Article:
131,000 flu cases in NY!

Notice the date - Feb 27, 2020 -2 weeks before the Covid pandemic.

Just like in Italy, they are superimposing a scary new "viral" epidemic upon an existing flu "non-epidemic".

That's called Old wine in a New Bottle.

The flu is not a joke, but we absorb the health risks each winter, without shutting down $20 Trillion Dollar GDP.

Ciao, Bella!

Jim said...

As of today, I think totals are as follows: 90(21 new)
Oahu: 53
Maui: 9
Kauai: 1(0 new)
Big Island: 2
break down of cases includes many that are of tourists, and international cases. Hard to find data on those. All islands have cases, the most are on Oahu. One of the confirmed cases is someone who worked at the hospital on Maui.
Limited number of beds, and ICU beds. Best options are on Oahu, where the military has a number of hospitals, and access to supplies etc.
People are in good spirits, they understand why this is needed. once the immediate hospitals are full , its almost 3000 miles to the next one.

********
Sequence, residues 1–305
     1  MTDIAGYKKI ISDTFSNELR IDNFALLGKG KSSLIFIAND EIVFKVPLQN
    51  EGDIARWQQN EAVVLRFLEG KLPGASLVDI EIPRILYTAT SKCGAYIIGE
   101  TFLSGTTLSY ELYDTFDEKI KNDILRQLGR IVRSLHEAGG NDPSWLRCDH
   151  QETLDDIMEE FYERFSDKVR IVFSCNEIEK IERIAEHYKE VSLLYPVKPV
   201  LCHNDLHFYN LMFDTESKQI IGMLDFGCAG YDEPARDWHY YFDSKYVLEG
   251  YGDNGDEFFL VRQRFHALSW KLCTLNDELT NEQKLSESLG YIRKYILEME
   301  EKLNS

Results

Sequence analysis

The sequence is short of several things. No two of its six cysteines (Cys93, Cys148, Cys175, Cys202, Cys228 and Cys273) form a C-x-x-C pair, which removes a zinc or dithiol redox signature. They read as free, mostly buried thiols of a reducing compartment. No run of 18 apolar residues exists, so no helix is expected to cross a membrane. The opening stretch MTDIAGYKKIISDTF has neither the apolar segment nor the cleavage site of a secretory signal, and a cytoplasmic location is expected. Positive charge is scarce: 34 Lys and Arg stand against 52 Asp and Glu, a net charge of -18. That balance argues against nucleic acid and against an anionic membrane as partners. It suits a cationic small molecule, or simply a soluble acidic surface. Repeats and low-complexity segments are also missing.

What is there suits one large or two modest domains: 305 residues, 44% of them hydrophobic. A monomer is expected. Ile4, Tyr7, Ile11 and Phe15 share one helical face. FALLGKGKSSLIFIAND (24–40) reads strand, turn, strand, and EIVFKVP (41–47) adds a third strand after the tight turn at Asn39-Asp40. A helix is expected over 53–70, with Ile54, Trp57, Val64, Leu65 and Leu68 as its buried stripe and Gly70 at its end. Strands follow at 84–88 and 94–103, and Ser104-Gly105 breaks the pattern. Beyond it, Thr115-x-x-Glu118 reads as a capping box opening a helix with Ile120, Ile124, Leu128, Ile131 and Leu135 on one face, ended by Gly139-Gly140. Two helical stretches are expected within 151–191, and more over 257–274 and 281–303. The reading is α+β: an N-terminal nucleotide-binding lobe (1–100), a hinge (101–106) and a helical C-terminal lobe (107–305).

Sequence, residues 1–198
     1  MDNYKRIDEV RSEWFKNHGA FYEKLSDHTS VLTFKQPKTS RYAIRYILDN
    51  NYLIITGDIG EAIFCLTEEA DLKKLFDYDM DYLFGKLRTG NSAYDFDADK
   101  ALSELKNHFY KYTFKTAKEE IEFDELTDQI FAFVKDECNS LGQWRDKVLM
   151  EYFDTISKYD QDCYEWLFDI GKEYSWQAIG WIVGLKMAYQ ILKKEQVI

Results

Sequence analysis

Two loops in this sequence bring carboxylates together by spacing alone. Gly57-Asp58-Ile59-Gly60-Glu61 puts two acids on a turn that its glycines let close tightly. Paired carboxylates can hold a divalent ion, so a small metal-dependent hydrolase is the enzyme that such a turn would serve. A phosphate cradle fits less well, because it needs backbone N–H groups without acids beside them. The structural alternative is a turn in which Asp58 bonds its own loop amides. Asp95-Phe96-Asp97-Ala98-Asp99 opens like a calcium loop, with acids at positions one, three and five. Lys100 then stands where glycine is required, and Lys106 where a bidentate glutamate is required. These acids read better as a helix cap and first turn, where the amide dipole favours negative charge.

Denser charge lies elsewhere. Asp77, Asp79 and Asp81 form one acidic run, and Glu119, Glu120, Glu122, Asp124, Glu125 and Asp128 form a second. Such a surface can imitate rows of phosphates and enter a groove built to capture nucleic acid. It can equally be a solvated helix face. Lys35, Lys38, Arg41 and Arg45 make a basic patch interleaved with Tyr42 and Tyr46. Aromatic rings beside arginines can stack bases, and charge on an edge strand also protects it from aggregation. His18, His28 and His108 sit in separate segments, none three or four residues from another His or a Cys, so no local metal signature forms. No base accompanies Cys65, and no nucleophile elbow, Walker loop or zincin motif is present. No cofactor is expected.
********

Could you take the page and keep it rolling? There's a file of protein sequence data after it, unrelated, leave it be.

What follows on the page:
narciso said...

Indeed kahless was a villain in tos, a noble warrior in tng.

Sebastian said...

"The older generation should be self isolating"

OK, but not just self-isolating: in rigorously enforced quarantine.

Target the risk groups, and that includes people with respiratory problems -- Wuhan is a form of SARS, duh.

Maybe too late in New York.

Francisco D said...

In order to help our local economy, I bought a Toyota 4Runner today.

They gave me a good deal, but I didn't have the heart to press for as much as I could. Those guys have families to support.

Drago said...

Well well well.

It appears there has been a Great Awakening in the nation regarding Trumps performance in office, particularly amongst independents. The Harris poll shows a 60% approval by independents of Trump during this crisis.

So naturally, you know what the democrat partisan networks (CNN/MSNBC/NBC/ABC/CBS) did in reaction to that: started cutting away from the press conferences.

Do you want to know the best part?

Ratings at CNN and MSNBC were far higher for these press conferences than programming a year ago at this same time as well as for programming now at other parts of the day.

In summary: viewers were tuning in in large numbers and getting info necessary to understand what is happening during a national emergency and the lefty/LLR-lefty media ran away because people are responding very positively to the President.

In particular, the older demographics.

The lefty/LLR-lefty media hope to create a Great A-Sleepening to avoid the obvious.

daskol said...